As more women between the ages of 25 to 39 are being diagnosed with breast cancer (gaaaah), researchers are taking additional steps to address the emotional and psychological trauma involved in the diagnosis. After analyzing the interviews of over 1,100 women recently diagnosed, the Journal of the National Cancer Institute has released a study that shows that 23% of these women—nearly a quarter—have experienced PTSD symptoms after receiving the news.
But here's the interesting part:
"During the first two to three months after diagnosis, nearly a quarter of them met the criteria for PTSD, although the symptoms declined over the next three months," [lead researcher] Dr. Neugut, who is also a professor at Columbia University, added. "Younger women were more likely to develop symptoms of PTSD, and data suggest Asian and black women are at a more than 50 percent higher risk than white women."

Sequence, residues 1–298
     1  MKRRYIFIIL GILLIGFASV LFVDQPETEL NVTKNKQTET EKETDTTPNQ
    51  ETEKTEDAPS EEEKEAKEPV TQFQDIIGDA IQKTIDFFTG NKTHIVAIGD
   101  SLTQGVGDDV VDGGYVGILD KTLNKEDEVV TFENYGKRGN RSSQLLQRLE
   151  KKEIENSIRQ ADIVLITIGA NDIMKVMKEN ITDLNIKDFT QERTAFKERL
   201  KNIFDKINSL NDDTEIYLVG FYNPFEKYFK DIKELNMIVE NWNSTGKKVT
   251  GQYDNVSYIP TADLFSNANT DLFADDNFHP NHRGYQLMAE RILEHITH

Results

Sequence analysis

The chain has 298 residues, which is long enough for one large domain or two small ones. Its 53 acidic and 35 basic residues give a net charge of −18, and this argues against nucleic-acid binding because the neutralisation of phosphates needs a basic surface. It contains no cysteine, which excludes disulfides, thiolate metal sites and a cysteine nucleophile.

This may correlate with the recent realization that using the same at-risk screening model for women across racial lines may be underestimating breast cancer risk in non-white women. Using data from the Black Women's Health Study, the Slone Epidemiology Center (SEC) at Boston University looked at the CARE model, which currently assesses the at-risk factor of black women, which is currently the same one used for Caucasian women. They discovered that it does a substandard job of determining the risk of estrogen receptor (ER) negative breast cancer, a deadlier form of the disease that's found more often in black women.
Dr. Neugut acknowledges that understanding and dealing with the women's PTSD symptoms "might also have an indirect impact on the observed racial disparity in breast cancer survival."
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